Confidentiality Agreements, Zoom, and Procrastination
Each person who is present at the mediation, regardless of their role, needs to sign a joint confidentiality agreement. This can be executed in counterparts.
Though the statutes spell out the confidentiality provisions, executing an agreement assures that each person is aware of the provisions and has consciously committed to abide by them. Many mediation services specifically require execution of a prescribed mediation confidentiality form. The U.S. District Court Approved Mediators Panel for the Central District and the Center for Conflict Resolution which provides mediators for certain state Superior courts have such forms. I am a member of both these panels.
When a mediation is set up, participants will usually receive a packet, including a copy of a confidentiality agreement with instructions about returning it. Participants can expect to receive the document weeks or months in advance.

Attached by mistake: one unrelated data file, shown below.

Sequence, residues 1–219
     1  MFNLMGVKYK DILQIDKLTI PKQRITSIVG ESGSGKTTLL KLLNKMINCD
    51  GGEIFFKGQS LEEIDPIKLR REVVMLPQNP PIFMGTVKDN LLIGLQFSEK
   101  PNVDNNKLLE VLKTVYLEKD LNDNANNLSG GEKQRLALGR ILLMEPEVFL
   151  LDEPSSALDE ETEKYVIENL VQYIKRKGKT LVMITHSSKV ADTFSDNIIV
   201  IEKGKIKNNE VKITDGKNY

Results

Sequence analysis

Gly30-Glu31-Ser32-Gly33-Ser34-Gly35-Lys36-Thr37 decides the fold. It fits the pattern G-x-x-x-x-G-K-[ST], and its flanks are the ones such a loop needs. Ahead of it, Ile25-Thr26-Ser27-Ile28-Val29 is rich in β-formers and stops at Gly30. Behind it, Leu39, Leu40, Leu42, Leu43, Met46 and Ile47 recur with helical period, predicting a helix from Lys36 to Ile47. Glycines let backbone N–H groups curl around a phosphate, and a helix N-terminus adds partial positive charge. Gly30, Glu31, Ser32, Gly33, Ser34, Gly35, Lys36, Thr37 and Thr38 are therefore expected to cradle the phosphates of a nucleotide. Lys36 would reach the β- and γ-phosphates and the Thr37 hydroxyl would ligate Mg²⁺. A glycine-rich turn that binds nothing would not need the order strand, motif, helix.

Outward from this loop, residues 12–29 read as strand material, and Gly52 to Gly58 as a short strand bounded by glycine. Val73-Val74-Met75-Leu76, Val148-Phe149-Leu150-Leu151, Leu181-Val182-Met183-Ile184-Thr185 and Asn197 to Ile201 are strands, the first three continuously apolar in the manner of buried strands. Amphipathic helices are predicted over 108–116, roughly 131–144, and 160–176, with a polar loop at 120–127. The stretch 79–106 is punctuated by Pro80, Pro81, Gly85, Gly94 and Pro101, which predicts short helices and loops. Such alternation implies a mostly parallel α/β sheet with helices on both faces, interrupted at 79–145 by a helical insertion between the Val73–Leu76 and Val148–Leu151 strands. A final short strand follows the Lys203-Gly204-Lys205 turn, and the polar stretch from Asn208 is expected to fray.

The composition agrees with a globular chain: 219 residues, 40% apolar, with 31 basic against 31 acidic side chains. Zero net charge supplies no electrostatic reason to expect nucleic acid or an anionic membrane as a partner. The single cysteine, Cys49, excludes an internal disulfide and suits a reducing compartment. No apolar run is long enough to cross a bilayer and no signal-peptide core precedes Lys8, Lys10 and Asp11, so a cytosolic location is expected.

Though there may be plenty of time to obtain parties’ signatures, attorneys and claim professionals seem to lack the organization necessary to return the agreement in a timely fashion. The demands of the most pressing matters can turn the most efficient of us into procrastinators.
Before the COVID pandemic, mediations were almost always held face-to-face. Confidentiality agreements were circulated in the opening joint session. The need for remote, virtual mediation via platforms like Zoom changed this dynamic.Getting signed confidentiality agreements to the mediator is now more unwieldy. Typically, agreements are downloaded, then electronically signed; alternatively, participants can print the agreement, physically sign it, then scan, save and transmit the document. The hiccup occurs when parties do not transmit the signed document before the mediation.
The mediation will not start without submission of the confidentiality agreement. If it has not been submitted, time is spent on the administrative task of gathering the documents, rather than in negotiation.
If parties are benefiting from three free hours of a mediator’s time, is this the best use of that expertise? If this is a paid mediation, do you really want to pay for the mediator’s time spent on this mundane task rather than working on settling the case?